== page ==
Alzheimer’s drugs work by targeting amyloid plaques in the brain. Research studies of those drugs, known as clinical trials, take on a broader target: proof in the form of specific clinical endpoints for each study. Today’s Alzheimer’s trials endpoints are typically a piece of paper published in 1993 and originally developed in the early 80’s.
The Clinical Dementia Rating, or CDR, “is a 5-point scale used to characterize six domains of cognitive and functional performance applicable to Alzheimer disease and related dementias: Memory, Orientation, Judgment & Problem Solving, Community Affairs, Home & Hobbies, and Personal Care.”
Ratings are based on a clinician’s “semi-structured interview of the patient and a reliable informant or collateral source (e.g. family member).” Here’s the scoring table, whose rules start with this helpful suggestion: “Use all information available and make the best judgment.”
So much for precision neuroscience.
Based on dementia’s symptoms, psychological impact on caregivers and family, and the nature of the assessment itself, this tool is subjective at a human level, unreliable at a scientific level, and outdated at a common sense level.
That such retrograde tools remain a gold standard in dementia research around the globe may strike non-scientists as odd, or worse. Since the mid-1990’s, Pharma has spent $42.5 billion on Alzheimer’s trials; conservative cost estimates of Eisai and Lilly’s recent trials are $3 billion apiece. The former used CDR as a primary endpoint for Lequembi (approved in May 2023) and the latter as a secondary endpoint for donanemab (FDA approval pending.)
Yes, there were several other endpoints in both trials, including other (similar) rating scales along with various imaging tools like MRI and CT scans to measure side effects like brain swelling and pre/post comparisons. Yes, these methods have worked in the past. But we’re not pre-Y2K anymore: Neurotech and digital tools are showing they can measure a gamut of brain function and cognitive health in clinical settings.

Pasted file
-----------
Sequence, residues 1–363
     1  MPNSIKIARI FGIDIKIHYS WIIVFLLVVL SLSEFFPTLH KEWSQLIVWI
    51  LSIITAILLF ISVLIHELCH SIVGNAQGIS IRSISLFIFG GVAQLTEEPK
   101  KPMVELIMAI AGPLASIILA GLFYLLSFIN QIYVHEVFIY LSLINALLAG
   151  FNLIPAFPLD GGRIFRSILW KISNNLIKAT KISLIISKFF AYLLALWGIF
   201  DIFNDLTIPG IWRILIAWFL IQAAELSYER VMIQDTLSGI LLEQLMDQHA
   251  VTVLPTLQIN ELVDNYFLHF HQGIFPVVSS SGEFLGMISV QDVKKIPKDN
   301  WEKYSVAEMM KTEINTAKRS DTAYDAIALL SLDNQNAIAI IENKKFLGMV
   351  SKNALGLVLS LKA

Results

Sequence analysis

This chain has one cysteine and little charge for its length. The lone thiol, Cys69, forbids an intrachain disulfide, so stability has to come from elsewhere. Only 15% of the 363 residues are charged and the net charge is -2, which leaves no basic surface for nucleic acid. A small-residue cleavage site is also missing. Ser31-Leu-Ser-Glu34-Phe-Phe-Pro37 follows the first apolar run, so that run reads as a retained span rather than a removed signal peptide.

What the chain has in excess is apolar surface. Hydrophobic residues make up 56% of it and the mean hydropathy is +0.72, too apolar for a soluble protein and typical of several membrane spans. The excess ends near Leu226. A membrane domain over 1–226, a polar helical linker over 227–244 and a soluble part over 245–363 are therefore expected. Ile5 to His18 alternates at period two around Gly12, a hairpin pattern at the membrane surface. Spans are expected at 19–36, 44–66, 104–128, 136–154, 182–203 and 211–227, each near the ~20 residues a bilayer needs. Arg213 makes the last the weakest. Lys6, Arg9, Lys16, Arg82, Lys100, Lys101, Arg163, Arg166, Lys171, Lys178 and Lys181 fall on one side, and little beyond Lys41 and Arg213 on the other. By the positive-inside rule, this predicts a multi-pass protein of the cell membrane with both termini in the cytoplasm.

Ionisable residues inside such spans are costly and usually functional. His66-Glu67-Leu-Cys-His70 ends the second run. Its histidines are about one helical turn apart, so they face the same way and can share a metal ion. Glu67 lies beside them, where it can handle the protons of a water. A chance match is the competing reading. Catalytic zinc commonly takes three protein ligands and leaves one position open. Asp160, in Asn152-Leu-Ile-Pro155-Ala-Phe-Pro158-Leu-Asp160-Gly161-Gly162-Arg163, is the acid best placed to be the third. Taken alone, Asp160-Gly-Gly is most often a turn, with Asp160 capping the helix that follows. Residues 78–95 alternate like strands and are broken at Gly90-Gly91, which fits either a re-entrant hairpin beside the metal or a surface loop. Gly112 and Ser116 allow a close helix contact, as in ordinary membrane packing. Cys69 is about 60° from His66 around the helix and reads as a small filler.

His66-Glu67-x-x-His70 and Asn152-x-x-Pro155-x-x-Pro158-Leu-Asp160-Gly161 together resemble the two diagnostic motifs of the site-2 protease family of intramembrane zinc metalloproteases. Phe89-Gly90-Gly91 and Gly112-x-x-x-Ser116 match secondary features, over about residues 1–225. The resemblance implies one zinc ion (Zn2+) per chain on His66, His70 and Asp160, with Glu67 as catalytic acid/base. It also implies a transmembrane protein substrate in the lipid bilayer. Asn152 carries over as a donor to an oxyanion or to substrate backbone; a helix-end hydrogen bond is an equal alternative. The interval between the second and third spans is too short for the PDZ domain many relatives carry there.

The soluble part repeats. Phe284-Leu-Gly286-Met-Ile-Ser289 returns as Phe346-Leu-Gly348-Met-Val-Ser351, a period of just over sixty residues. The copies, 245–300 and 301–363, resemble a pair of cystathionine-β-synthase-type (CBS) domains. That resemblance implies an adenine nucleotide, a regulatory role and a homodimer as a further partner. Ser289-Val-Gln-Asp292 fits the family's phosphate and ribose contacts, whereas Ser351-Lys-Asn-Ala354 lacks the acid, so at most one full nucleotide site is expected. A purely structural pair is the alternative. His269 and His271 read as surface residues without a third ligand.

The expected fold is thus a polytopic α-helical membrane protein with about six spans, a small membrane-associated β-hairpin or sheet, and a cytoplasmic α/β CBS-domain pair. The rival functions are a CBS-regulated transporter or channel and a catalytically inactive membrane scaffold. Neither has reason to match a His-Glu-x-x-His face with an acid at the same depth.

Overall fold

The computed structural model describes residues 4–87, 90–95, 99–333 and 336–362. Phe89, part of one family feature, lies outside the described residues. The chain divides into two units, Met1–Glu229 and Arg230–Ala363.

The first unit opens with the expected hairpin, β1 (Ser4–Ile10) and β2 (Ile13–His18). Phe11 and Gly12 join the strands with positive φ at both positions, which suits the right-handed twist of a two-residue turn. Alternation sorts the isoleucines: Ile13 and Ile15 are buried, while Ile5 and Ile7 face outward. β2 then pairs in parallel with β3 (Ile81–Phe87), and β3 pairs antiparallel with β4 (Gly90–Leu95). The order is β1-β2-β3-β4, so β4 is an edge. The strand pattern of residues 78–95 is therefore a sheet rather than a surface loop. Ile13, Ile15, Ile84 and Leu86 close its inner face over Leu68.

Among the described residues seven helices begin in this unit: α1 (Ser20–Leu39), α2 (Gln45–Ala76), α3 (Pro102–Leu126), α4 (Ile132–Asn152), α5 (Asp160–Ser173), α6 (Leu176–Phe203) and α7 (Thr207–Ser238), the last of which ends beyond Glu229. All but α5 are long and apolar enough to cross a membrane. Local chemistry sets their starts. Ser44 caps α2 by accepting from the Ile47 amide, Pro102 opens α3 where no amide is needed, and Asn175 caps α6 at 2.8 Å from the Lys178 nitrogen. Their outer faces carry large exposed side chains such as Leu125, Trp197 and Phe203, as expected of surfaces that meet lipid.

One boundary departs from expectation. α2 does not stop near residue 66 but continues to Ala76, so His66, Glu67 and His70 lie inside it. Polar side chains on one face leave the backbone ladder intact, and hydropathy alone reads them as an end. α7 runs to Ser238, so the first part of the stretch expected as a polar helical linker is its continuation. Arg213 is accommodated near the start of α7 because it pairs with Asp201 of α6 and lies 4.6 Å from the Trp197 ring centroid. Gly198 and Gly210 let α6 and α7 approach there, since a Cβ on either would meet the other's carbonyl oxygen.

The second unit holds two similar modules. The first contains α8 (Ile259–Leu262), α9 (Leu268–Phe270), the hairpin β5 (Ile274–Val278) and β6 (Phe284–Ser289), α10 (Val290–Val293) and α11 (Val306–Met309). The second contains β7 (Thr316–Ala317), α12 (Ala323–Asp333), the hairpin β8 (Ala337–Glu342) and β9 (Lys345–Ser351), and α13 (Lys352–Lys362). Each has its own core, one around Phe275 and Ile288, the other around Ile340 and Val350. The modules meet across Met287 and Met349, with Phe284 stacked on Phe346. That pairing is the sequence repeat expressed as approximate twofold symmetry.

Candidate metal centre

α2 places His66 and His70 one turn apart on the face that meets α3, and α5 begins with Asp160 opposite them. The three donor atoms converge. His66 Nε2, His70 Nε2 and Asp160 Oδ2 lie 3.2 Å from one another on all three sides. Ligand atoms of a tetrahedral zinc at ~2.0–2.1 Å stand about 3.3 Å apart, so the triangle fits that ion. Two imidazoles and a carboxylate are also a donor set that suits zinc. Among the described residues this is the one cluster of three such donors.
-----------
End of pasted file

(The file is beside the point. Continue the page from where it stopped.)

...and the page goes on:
Meanwhile, millions of patients, family members, and caregivers are floundering under the weight of a disease that continues to rob people of their humanity, while costing an estimated $345 billion per year and growing.
Everyone wants a cure. So why is research still stuck in the 20th century?
Calls for more evidence: A DiME a dozen
“More accurate and reliable efficacy endpoints could potentially reduce the number of failed or inconclusive trials and allow for more efficient drug development through shorter, smaller, less costly, and less burdensome drug trials, ultimately allowing more drugs to be studied and medicines to reach patients faster,” explain a squad of industry-embedded authors of a 2022 paper that cataloged ten digital approaches to measuring cognitive health.
“However,” they continue, “it remains unclear how to best evaluate a wide range of novel and promising technologies, how to use them to derive efficacy endpoints, and how to advance them through early drug development processes.”